Same-sex parenting: the kids are alright

Children's well-being just isn’t a sound argument against same-sex parenting

Some months ago, I read reports about the court case challenge against California’s ban on same-sex marriage. What caught my attention was that one of the core arguments for restricting the definition of marriage to opposite-sex couples was that lesbian and gay people are not fit to be parents.

I was surprised that the anti-same-sex marriage crowd would try to play the adverse child development card. It doesn’t stand up to scrutiny.

First of all, lots of people, primarily heterosexuals, have children outside marriage.

Second, homosexual parents have been raising kids for years — in heterosexual marriages. The difference now is that so many do it openly with their same-sex partners, which, when you think about it, figures to be positive. I have to think it would be much easier to be a good parent if you aren’t struggling to suppress or come to terms with a core part of who you are.

Third, there is now research on the children of same-sex parents — lesbian moms mostly — and researchers have failed to turn up any sign of risk or harm to the kids’ development. Some of the more interesting findings suggest that children of lesbian mothers tend to behave and think in less gender stereotypical ways. In a couple of studies comparing heterosexual and same-sex families, sons of lesbian mothers were found to be somewhat less aggressive, and daughters were more likely to aspire to non-traditional female occupations, such as engineer, astronaut or lawyer. (Read our special report on kids and gender.)

Aaron Lazarus and Kevin Shannon, a gay couple in Toronto, are the proud parents of a baby daughter, who I could hear babbling happily in the background as we talked by phone. “People like us have to jump through a lot of hoops to become parents,” says Lazarus. “We had to go through a psychological assessment before the fertility clinic would consider us for an in vitro procedure.” (Lazarus and Shannon became parents via surrogate pregnancy.) If they had adopted, there would have been a home visit and a class to attend. In other words, they had to be approved. Most heterosexual parents (except those who adopt or go through in vitro procedures) don’t have to meet any requirements to become parents. “When people have gone that far out of their way to become parents, there’s got to be a lot of love and commitment to parenting in that family,” says Lazarus. Commitment for sure. Shannon and Lazarus, who were at their daughter’s birth, also attended every prenatal appointment, even though the surrogate mother lived 90 minutes away.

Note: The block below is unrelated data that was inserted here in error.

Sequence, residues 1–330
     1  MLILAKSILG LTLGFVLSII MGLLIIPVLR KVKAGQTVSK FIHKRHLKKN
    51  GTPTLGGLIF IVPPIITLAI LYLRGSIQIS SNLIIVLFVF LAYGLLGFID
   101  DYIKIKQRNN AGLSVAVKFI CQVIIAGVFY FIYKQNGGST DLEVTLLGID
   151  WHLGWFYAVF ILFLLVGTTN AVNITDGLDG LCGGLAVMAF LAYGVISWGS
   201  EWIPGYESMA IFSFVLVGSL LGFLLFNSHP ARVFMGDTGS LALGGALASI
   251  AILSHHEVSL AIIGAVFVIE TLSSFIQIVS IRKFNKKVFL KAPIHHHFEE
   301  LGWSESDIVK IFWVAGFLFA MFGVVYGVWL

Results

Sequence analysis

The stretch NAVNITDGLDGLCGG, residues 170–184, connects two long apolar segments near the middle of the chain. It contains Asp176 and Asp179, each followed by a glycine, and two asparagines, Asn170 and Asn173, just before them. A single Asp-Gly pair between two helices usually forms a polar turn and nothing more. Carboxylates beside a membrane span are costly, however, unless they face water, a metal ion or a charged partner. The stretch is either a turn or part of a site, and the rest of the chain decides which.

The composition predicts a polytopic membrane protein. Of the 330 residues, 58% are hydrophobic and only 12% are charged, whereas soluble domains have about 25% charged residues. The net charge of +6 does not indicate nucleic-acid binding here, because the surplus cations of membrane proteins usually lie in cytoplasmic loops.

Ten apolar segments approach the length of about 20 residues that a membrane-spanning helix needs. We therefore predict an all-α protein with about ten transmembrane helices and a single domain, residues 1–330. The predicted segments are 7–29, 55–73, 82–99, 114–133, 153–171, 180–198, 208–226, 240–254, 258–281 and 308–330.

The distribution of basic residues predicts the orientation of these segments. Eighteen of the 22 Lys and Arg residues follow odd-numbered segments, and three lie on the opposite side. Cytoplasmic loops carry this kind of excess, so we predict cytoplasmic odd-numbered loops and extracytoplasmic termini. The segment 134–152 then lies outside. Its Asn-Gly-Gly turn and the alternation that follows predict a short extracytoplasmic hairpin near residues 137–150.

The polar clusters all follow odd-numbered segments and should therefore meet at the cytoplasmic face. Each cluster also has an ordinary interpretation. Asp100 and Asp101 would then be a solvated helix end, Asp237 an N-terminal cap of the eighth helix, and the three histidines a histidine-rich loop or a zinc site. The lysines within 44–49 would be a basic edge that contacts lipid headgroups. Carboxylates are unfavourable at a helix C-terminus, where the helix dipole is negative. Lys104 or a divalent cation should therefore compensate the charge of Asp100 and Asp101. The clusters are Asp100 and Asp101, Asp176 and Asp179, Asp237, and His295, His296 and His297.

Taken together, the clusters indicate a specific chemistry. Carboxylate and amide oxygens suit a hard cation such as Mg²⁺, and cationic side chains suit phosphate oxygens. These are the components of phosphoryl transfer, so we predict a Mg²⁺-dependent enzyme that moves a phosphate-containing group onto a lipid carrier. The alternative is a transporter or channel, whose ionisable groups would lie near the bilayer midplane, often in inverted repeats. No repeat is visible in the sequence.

The biggest potential challenges that non-heterosexual families face, in most cases, are prejudice and homophobia — being mistreated or socially shunned because they have two moms or two dads. Shannon says their family hasn’t encountered that yet. “So far we have spent time with people we choose to,” he says. “It could change when Sydney starts going to school or plays organized sports. But right now, we just feel like parents and our experience has been that people are happy for us.”

I hope that continues because all parents who are this committed to raising kids deserve our support.

I’m not saying gay dads and lesbian moms are “better” parents. I just think they have as much right to participate fully in life (including raising kids) as anybody else. Some might argue that kids need both a mother and a father. I can see advantages to that. But what kids really need most is loving, committed parents (or parent), regardless of sexual orientation or circumstances.

I really don’t care (nor is it my business) who a parent (or anyone) chooses as a partner. I just hope that person loves the kids, participates as equally as possible in raising them, and makes their mate’s life a little happier.

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